If I could have but one revolvers....it would be a S&W 625 in .45Colt with the cyl cut for moonclips and thus .45acp and .460 Rowland.

captain awesome
February 11, 2012, 12:43 AM
trailboss powder is your friend. no risk of over charging at all, as you can load any handgun round completely full of it and it wont go over pressure(from the mouth of the very knowledgeable John Ross. If you want to do that you could get anything 41 mag and up, as others have said, you can tailor your loads to be what ever you want. personally I would choose something magnum so the brass would be stronger, and last a while. I love my 480 Ruger SRH, My Smith 629 (44mag), My Dan Wesson 445 supermag, and my S&W 500 magnum. Any of those would fit the bill, and there are a lot of others out there also.

Owen Sparks
February 11, 2012, 12:51 AM
I have the same batch of .44 Special brass that I bought in 1980 and have NEVER had to discard one. My usual load is 6 grains of Unique under a 240 grain lead bullet.

captain awesome
February 11, 2012, 12:53 AM
Brass is brass, the factories do not make them weaker or stronger.

this is incorrect. I can feel the difference when sizing 38 special and 357 mag. Both have the same loading, I just load the 38 special cases to the same OAL as the 357's to stay under pressure, only firing them out of my 357 revolvers.(I ended up with a bunch of 38special brass for free, so I figured why waist it by just letting it sit there unused?) Point of this is, the 38 special brass was much easier to re-size, suggesting that the brass is either thinner or weaker or both. magnum rifle brass is much stronger than your typical low pressure handgun round. to say brass is brass and there is no difference is foolishness.

either way though, most brass will indeed last a very long time at low pressures, magnum brass or not. over stretching the mouth on the expander dies is very detrimental to case life.

Gordon
February 11, 2012, 02:04 AM
My favorite low pressure big bore is a .455 Eley. I have a Webley Mark V 4" gun that is a work of art as is my other fair condition 6" .455 S&W Triple Lock in this caliber presently. I had 500 rounds of factory Fiocchi Ammo I bought when a gun store went under 20 years ago. Before that I shot the then available Kynoch surplus military .455 ammo . These things uncork a 265 conical at 650 fps or so. Amazingly these things were known "stoppers" of wild savages ect. and rated #1 in the Thompson-LaGarde Hand gun effects tests of the early 20th century. I have no doubt the quick handling and outstandingly accurate Mark V Webley made in 1914 would lay you low in close combat ! I fiddled with some 280 grain Wadcutters I still have the old Lyman mold for. Herco worked well with 5 grain loads in my good condition guns and gave 620 FPS in the 4" barrel and 650 fps in the 6" Triple lock. They shot higher than the 265 factory load the sights were set for and I only had a 100 empty Fiocchi cases when I fooled with them about 1987. Now the safe queens have about 300 factory rounds between them, maybe when I retire...............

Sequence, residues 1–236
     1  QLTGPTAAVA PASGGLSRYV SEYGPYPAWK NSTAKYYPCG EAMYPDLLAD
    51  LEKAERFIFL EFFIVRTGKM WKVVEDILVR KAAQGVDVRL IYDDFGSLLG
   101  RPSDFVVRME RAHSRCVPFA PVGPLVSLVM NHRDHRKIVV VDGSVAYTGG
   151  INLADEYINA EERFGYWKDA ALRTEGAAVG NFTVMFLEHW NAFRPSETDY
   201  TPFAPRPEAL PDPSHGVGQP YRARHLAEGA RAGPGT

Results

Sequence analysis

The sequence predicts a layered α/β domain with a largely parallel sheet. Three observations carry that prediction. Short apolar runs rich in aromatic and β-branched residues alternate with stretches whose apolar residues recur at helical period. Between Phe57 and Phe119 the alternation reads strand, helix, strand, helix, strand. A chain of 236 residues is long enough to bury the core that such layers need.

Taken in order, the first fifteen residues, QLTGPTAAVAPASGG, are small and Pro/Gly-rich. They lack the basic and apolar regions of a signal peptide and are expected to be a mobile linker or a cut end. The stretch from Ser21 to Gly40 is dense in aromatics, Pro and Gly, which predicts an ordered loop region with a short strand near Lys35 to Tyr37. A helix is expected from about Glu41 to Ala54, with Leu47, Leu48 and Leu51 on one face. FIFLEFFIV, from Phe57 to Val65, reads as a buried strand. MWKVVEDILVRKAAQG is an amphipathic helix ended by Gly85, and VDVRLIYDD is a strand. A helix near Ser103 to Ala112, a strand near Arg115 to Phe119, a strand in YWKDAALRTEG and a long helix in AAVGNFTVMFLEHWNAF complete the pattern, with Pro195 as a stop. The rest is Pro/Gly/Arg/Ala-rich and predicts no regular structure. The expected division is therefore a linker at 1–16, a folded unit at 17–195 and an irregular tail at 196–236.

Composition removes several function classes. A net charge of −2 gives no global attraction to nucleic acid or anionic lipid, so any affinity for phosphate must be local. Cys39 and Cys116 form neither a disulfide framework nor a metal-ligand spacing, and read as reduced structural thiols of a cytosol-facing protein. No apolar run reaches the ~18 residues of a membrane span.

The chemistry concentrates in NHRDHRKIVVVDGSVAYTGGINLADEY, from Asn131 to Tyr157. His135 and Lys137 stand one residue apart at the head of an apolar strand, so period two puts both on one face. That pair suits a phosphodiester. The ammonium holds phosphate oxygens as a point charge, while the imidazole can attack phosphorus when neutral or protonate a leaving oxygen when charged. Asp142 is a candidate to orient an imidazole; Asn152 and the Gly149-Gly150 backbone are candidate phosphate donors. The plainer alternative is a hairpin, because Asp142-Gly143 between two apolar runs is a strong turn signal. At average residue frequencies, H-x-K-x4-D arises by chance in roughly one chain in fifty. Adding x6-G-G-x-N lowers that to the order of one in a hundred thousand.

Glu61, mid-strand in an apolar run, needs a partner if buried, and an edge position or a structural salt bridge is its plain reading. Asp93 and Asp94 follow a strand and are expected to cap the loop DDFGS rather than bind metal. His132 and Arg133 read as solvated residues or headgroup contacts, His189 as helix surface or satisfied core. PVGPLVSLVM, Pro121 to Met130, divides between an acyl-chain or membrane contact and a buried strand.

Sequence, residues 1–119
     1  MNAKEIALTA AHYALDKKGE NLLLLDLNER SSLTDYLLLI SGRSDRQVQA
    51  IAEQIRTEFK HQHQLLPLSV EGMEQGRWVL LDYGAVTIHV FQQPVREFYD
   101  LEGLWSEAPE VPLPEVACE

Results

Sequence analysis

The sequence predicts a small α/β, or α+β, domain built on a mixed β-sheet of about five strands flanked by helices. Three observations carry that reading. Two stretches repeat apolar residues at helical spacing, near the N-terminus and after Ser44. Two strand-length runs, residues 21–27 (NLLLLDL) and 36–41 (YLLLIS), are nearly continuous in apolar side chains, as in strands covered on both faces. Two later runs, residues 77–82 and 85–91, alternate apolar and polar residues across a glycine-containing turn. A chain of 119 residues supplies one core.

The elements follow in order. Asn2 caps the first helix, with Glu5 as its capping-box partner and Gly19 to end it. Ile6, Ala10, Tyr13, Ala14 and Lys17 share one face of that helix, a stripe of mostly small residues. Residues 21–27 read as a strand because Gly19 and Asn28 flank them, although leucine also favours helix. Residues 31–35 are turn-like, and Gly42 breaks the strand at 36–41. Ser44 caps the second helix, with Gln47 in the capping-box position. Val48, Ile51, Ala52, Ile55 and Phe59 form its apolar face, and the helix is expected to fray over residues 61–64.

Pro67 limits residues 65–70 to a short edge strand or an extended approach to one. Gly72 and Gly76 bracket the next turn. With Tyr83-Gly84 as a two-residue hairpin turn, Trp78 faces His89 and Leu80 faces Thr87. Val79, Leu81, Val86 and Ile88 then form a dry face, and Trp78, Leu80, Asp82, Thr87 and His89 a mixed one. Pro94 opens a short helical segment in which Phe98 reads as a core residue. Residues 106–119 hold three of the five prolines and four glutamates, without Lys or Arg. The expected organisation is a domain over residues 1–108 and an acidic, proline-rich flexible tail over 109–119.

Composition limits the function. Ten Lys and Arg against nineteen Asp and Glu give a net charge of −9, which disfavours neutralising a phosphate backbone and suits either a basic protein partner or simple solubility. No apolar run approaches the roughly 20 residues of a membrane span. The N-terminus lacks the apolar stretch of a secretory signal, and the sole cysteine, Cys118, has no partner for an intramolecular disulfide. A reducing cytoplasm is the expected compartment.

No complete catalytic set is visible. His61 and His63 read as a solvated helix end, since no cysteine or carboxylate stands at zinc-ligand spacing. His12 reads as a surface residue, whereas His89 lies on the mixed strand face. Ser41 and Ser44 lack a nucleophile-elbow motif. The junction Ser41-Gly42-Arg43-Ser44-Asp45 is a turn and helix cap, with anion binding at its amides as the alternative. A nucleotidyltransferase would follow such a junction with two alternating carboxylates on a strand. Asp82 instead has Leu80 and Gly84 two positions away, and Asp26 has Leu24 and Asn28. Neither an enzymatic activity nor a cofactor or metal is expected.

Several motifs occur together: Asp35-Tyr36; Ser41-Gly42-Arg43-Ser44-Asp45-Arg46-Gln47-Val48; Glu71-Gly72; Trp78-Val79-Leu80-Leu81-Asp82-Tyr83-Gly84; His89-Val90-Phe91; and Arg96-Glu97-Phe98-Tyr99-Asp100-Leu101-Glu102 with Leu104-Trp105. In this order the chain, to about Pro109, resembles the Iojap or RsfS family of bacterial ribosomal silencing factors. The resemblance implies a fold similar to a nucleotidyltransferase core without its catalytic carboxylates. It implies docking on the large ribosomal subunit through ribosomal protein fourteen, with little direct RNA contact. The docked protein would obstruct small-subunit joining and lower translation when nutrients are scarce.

sw282
February 11, 2012, 04:13 AM
l have a SW M24 44spcl. lts a Lew Horton model w/3'' barrel. Most accurate handgun l have ever owned is a SW M25-3. 45LC. Big throats too. Rem 454 250gr slugs can be finger pushed thru any of the throats. Shoots 452 Speer swc bullets just as good. They rattle thru the throats. My favorite big bore revolver is a COLT SA 7 1/2'' in 44-40. l dont know the SAAMI pressure for the Colt

StrawHat
February 11, 2012, 06:33 AM
captain awesome
...this is incorrect. I can feel the difference when sizing 38 special and 357 mag. Both have the same loading, I just load the 38 special cases to the same OAL as the 357's to stay under pressure, only firing them out of my 357 revolvers.(I ended up with a bunch of 38special brass for free, so I figured why waist it by just letting it sit there unused?) Point of this is, the 38 special brass was much easier to re-size, suggesting that the brass is either thinner or weaker or both. magnum rifle brass is much stronger than your typical low pressure handgun round. to say brass is brass and there is no difference is foolishness...

captain awesome,

Section some of the handgun brass and compare thicknesses at comparable points. The factories do not go out and design some brass to be weaker than others. The brass that is commonly available today is built to give long life with reasonable loads. For nearly a century people have talked of the "weak 45 long Colt case" well, modern 45 long Colt cases are built as strong as the 44 Magnum case.

But the point I was trying to make is that properly loaded cases will last for a long time. Overloading them (any cartridge including magnum rifle) will greatly reduce their lifespan.

Stainz
February 11, 2012, 08:58 AM
I love my 625MGs in .45 Colt:

http://s171.photobucket.com/albums/u307/Stainz_2007/IMG_3430.jpg

I've been reloading since shortly after acquiring my first 625MG (625-7 above - with square conversion Ahrends grips), which was my first-ever S&W (9/02). If I didn't, ammo costs would head me towards a 4" 625JM in .45 ACP. A frugal big bore - ammo cost and wrist wear - you can buy a 250 round box of UMC .45 ACP ball ammo - 230gr FMJ in brass - on a Sunday afternoon at most WallyWorlds for <$100 inc s/t. Try to find .45 Colt!

If you reload, you can switch from .45 ACP to .45 Auto Rim by just changing your reloading press' shell plate. As the .45 Colt is actually a 14 kPSI max cartridge, and the .45 ACP/AR cartridge is rated at 21+ kPSI, you can load hotter than standard .45 Colt levels. No magazine to feedramp interface to fit, so your bullets can include typical .45 Colt loads - like my 255gr LSWC loads. I usually put my warmer loads - still within .45 ACP/AR specs - in the .45 AR cases - and use the HKS #25 speedloaders to load them. Sometimes, I just carry a pocket full of the 'cute' little AR rounds. They are 'cute' in the same vein as .44 Russians - short cases/big bores.

I recall the duel between Venturino and John Taffin over the .45 ACP & .45 Colt. I love the normal .45 Colt, but have to admit - the .45 ACP/AR is a better choice. Brass is affordable and available - even the AR - from Starline.

Stainz